It is not unusual for Panerai watches to be seen on accomplished, well-known individuals at work or play, but one of the most recent sightings is in a league all its own. On January 19, 2022, during Extravehicular Activities (EVAs) that are part of International Space Station Expedition 66, cosmonaut Anton Shkaplerov wore a 45mm Panerai Radiomir watch (PAM210) strapped around the left glove of his Orlan spacesuit. Panerai became part of a small group of brands whose watches have been subject to direct exposure to outer space with that spacewalk.
The Panerai Radiomir PAM210 was visible on several occasions during seven hours of footage streamed by NASA TV at the time of the EVA. The fact it was worn during the operation is a testament to rigors that Panerai watches can withstand. External temperatures encountered during an EVA vary from +121 degrees when exposed to sunlight to -157 degrees when an astronaut is in shadow. While Panerai watches have a long legacy connected to the exploits of naval divers and the hostile environment of the underwater world, it is apparent that their endurance extends beyond Earth’s atmosphere.
Panerai had no advance knowledge that cosmonaut Shkaplerov would wear the watch during his journey. However, after viewing NASA’s EVA footage, Panerai learned of its presence from keen-eyed observers who contacted the brand.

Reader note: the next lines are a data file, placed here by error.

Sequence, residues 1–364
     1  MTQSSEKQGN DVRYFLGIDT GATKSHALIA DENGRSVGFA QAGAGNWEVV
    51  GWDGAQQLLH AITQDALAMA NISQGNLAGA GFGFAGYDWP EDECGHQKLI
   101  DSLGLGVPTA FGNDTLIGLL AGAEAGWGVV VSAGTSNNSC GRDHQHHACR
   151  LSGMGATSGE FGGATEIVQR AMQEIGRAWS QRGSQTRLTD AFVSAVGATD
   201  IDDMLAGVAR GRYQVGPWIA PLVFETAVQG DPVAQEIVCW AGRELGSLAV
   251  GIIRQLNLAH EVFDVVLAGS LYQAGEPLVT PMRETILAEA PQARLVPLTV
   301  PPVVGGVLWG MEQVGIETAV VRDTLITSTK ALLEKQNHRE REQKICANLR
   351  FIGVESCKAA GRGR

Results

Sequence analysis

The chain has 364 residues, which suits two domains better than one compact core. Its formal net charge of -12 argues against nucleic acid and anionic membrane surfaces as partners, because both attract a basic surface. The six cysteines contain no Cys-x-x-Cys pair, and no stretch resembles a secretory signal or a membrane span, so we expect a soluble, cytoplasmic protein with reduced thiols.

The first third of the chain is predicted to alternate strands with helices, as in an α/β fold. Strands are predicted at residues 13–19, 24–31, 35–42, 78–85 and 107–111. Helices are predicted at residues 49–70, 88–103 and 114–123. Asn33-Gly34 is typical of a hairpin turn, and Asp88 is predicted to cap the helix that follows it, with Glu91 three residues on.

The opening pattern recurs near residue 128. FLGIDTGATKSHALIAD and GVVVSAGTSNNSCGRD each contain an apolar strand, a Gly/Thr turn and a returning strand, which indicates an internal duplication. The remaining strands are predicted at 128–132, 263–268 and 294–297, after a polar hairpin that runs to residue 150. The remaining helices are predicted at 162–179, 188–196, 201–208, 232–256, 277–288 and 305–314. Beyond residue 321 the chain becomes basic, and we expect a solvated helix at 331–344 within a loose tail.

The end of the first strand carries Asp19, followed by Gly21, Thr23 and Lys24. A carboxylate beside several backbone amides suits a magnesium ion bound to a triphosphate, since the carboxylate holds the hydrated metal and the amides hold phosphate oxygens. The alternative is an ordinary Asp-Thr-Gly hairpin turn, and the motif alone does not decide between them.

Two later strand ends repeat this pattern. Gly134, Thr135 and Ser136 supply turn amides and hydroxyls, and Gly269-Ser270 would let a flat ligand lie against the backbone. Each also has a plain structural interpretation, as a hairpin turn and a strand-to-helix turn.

The brand’s debut space mission came as a total surprise. “When I first learned about the sighting from several journalists, I thought they were joking,” said Panerai CEO Jean-Marc Pontroué. “It took four or five days to realize and check the story was true. We’re lucky that we are a highly recognizable brand. Because of the cushion shape and the iconic dial of the watch, people could identify it as being from Panerai. It’s like an occasion when we unexpectedly discover a Panerai watch on a celebrity in a film. We learn about it at the same time as the rest of the public.”
There’s been just one noticeable modification of the Panerai Radiomir PAM210, a reference that is no longer in production, from its original state: “Like the Italian military in the past, the cosmonaut wore the watch over his gear,” said Pontroué. “It needed a new strap that would fit around his spacesuit. An extra, extra, extra-large strap was added.”
“We’re honored that Mr. Shkaplerov took our watch with him on his mission. As far as we know, there’s never been a Panerai watch in space before, and we never had a strategy to develop products for space. We’re used to operating at negative depths rather than positive altitudes, but we produce some of the most robust watches in the world. We are used to test our watches in though conditions.”
Once the mission concludes on March 28, the CEO will eagerly await the watch’s performance details. “When the mission is over, we’d love to invite Mr. Shkaplerov to bring us his watch so we may see it, repair it, restore it, but we have to figure out who to call!”